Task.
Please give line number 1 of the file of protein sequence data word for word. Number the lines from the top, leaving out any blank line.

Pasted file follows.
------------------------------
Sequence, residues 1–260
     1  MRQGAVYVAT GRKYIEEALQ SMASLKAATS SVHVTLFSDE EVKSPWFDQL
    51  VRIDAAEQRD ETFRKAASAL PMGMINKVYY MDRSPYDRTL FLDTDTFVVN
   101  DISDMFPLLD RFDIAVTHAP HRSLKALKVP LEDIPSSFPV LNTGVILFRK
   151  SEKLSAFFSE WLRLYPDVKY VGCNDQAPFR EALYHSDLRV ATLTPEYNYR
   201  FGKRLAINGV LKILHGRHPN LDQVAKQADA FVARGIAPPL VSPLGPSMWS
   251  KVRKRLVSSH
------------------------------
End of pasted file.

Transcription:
Sequence, residues 1–260